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by mvalls9856b9aabccd3ca
Last updated 6 years ago

Language Arts
English Language Learners ELL, ESL EFL

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Chapter 1The Beach Sharehouse - 20/13 Old South Head Road 'I love playing with my dog, Jake,' I thought. 'But now I'm going to study at the University of Sydney and I'm going to live hours away from here, in the big city. How am I going to live without Jake?' I was in my room in the country town of Wagga Wagga, with my backpack on the bed in front of me. I slowly put my last shirt into my backpack, and then I was ready to leave for the train station. Just then, there was a phone call. Mum answered it. 'Chris, it's Aunty Marj on the phone,' she called. I didn't want to talk to Marj. 'Hello, Aunty,' I said when I got to the phone. 'Chrissy!' she cried. I don't like the name 'Chrissy'. That's a girl name. My name is 'Chris'. 'You're coming to Sydney, your mother says. You can come and live with me. I have two rooms, and I live near the university. What do you think?' 'Well, thanks, Aunty Marj, but I'm staying at a friend's house when I arrive,' I said quickly. It wasn't true. 'Can I call you next week?' 'Of course. I'm very excited about your visit.' I wasn't excited. I wanted to meet girls and go drinking in Sydney. I didn't want to visit my aunty. At the train station my mum cried when I said goodbye. 'Bye, mate. Don't forget to go to Bondi Beach. The beautiful girls all go there,' my big brother Mike said. I said goodbye to them and to my dog Jake. Then I got on the train. I was ready for my new life in Sydney. * Sydney was big! There were a lot more people there than in Wagga Wagga. I took a taxi to Bondi Beach. What a beautiful place! There were a lot of nice girls on the beach, too. I wanted to live there. I soon found a backpackers' by the beach for the night. The next morning, I began looking for my new home in Bondi. I bought a newspaper and looked at the ads, but the flats in Bondi were very expensive. I needed a sharehouse. I soon found an interesting ad. It said: NEAR THE BEACH, 2 young guys with a sharehouse are looking for a third guy. $120 a week, call Josh on 9392 4979I rang the number at once. 'Hi mate,' I said. 'I saw your ad in the newspaper. I'm looking for a sharehouse. My name's Chris.' 'Hello. I'm Josh. Well, you can move in here with Adi and me at 20/13 Old South Head Road.' So I went to meet Josh and Adi. Their flar was really nice. They had a big television in front of the room, and they were nice guys, too. 'I'm going to study at the university,9 I said. 'Are you students?' 'No, mate,' smiled Josh. 'We work... sometimes.' 'But not often,' laughed Adi. 'We like surfing, meeting girls, and drinking with our friends.' Josh and Adi gave me the biggest room. From my window I could see the beach. That night, Josh, Adi, and I went out to a pub. I met lots of their friends and drank lots of beer. At the pub Josh talked quietly with one of his friends, Rodney. 'Can you do some work for me later tonight?' asked Rodney. 'What are you talking about?' I asked. 'Oh, nothing mate,' said Josh. We all had a good nicght, I think. Josh, Adi and I left the pub and went back to the sharehouse very late. I went to bed at once, and I don't remember very much of the night because of all the beer. The next morning I was in bed when I heard a noise at the front door. Someone knocked again and again, and two people called, 'Hello there! Open up!' The noise didn't stop, so I went to the front door and opened it. It was the polica! 'Are Joshua Warnick or Adrian Hughes in here?' on of the police officers ask me. 'Yes, they are,' I said, 'Come in.' Josh and Adi came out and spoke to the police. I went quickly back to my room. I sat next to my door and listened. 'Are you boys stealing things again?' one of the police officers asked. 'Of course not,' Josh answered. 'Stealing?' I thought. 'No, that can't be true. Josh and Adi are nice guys.' But then I thought again, 'Wait a minute. At the pub Rodney and Josh talked about doing some work later that night. Oh, no! Josha and Ari aren't nice guys. They're stealing things from people's houses.' 'We'd like to look through your flat,' one of the police officers said. 'Do you have a search warrant?' Josh asked. 'Yes, we do,' the police officer said. 'Wait here.' The police wemt to Josh's and Adi's rooms. Then one of the officers came into my room. He looked under the bed, here and there, he went out again. I went after him into the front room. 'What's happening?' I asked. The police stood with bags in their hands. In the bags there were expensive watches, mobile phones and money. I looked at Josh and Adi. 'Sorry, mate,' said Josh. The he spoke to the police. 'Chris is new in Sydney. He moved in with us yesterday,' he said. 'He knows nothing about all this.' So the police took Josh and Adi away in the police car. And because I didn't have the money to live there alone, that was the end of the sharehouse in Old South Head Road. Where could I live now?To be continued...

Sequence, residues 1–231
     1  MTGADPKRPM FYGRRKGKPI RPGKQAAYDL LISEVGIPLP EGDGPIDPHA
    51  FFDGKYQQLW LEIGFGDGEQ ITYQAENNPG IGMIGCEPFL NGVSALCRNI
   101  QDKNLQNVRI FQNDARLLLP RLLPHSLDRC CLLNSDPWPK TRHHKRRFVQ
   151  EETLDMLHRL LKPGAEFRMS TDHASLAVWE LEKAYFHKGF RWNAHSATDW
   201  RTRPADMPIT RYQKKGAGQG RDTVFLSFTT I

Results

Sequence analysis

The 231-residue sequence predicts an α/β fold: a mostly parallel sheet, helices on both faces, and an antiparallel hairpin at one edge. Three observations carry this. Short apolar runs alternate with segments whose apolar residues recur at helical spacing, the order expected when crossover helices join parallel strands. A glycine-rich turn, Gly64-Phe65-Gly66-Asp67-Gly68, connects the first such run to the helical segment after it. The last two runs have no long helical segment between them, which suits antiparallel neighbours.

Chris leaves his home in a small town in Australia to go and study at the university of Sydney. He needs to find somewhere to live.But it's not easyto find a house to share in a big city. Every house has its problems, and not all of Chris's housemates are easy to live with. In fact, some of them are very difficult people!Can Chris find the house that he needs with housemates that he can live with?

by Alison Watts

Vocabularyad: short for advertisement; you pay to put this in a newspaperalone: with nobodyaunty: an informal word for your mother's (or father's) sisterbackpack: a bag that you wear on your backbackpackers: informal word for a cheap little hotelflat: a number of rooms in a house where someone livesguy: man or person (informal)knock: to hit stronglymate: friendmobile phone: a phone that you can carry with youpub: a building where people go to have a drinksearch warrant: a paper that the police need before they can look for things in someone's housesharehouse: a flat where two or more people can live cheaplysteal (past stole): to take something without askinguniversity: people study here after they finish school